Next: , Previous: Modes of deployment, Up: Top

4 User identification

Schtonk relies on httpd in user identification. If httpd identifies the user, it passes the username to g.tcl using CGI. In apache it is done by saying

     	ScriptAlias /cgi-bin/ /usr/local/schtonk/
     	<Directory "/usr/local/schtonk">
     		AllowOverride None
     		Options +ExecCGI -MultiViews +SymLinksIfOwnerMatch
     		Order allow,deny
     		Allow from all
     		AuthType Basic
     		AuthName "Password Required"
     		AuthUserFile /etc/schtonk.password.file
     		Require valid-user

somewhere inside your VirtualHost directive. By this example there directory for g.tcl would be /usr/local/schtonk and the password file that is kept with command htpasswd of apache is in /etc/schtonk.password.file but for security for obscurity reasons it might be good idea to store them somewhere else.
Idea of this setup is to keep out those who are not listed in /etc/schtonk.password.file.
Reason for that is that schtonk, by giving access to database, grants quite much power to users to change and update and delete and generally do anything with the data in the db. This may be limited by means provided by MySQL or other db backend that might be in place but there's some drawbacks:

  1. By allowing user access to data the very (knowledgeable) users may themselves alter the algorithms how data is processed ; this thing may be revoked but the good idea of allowing users to modify the way how data is processed is lost.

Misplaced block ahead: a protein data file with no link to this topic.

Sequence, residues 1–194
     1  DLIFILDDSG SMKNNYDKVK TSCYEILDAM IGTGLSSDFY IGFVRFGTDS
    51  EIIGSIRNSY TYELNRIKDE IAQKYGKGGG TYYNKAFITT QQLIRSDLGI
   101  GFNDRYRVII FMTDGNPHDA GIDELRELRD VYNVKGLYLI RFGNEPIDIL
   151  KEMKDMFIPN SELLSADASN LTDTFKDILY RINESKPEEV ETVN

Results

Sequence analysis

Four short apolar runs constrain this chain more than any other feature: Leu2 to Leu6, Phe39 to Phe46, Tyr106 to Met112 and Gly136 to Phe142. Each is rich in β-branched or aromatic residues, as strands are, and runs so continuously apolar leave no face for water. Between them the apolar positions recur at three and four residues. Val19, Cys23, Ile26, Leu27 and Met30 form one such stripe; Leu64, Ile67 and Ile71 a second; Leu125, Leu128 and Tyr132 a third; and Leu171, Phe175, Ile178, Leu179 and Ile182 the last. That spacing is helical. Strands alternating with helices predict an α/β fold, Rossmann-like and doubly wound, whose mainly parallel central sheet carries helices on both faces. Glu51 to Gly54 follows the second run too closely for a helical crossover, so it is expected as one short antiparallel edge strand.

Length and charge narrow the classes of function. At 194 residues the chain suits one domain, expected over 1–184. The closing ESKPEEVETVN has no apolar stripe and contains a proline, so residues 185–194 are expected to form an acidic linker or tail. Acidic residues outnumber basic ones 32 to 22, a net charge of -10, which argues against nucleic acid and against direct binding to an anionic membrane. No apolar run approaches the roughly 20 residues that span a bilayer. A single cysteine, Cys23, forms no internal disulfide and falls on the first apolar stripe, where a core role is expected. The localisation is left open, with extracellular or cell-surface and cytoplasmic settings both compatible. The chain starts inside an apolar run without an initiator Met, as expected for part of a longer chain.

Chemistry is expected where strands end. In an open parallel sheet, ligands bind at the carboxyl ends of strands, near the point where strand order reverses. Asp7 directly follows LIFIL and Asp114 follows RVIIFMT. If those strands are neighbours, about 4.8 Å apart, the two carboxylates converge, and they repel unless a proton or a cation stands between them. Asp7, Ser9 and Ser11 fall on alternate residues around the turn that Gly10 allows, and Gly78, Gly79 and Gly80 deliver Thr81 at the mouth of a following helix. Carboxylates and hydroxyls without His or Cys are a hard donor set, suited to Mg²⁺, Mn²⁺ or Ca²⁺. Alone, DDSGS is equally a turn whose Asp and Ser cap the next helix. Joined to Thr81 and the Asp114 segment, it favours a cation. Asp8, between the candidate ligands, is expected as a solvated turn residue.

2. Old MySQL versions do not allow very fine-grained access control. MySQL5 seems to support column-level access control. It is possible to set certain tables to be read-only for, for example, set TABLES table to be read-only or insert-only (still allowing new versions to be created) and not render schtonk totally un-usable. Current implementation requires (for performance reasons) insert AND update rights to table TABLES or no new pages may be inserted. The update-right needs to concern only column IS_LATEST in table TABLES so granting user schtonk right to insert new rows and update this one column allows users to fully exploit the wiki-nature of schtonk. Again it is possible to revoke update and delete rights regardign table ATTACHMENTS, making it more difficult for users to remove existing1 attachment files.
  3. Right now backend.tcl has one database connection. No matter what http username user uses to connect her httpd client to httpd, the schtonk backend.tcl will anyway use a common database connection for all connected users, thus sharing the database access rights among all the users.

So you better trust your users.

That said, it is entirely possible to have one copy of g.tcl in /usr/local/schtonk_users wher g.tcl will be identified by httpd with one username list and that connects to backend.tcl listening in, say, port 32000. In addition it is possible to have /usr/local/schtonk_admin, having different script-alias directive in apache-configuration, having different password list, g.tcl invoked from /usr/local/schtonk_admin would connect to backend.tcl listening at tcl port 32001 and by that way it might be possible to have schtonk running so that there would be 2 backend.tcl instances, having different access rights to database. This is doable, but a bit awkward and not elegant.


[1] or accidentaly attached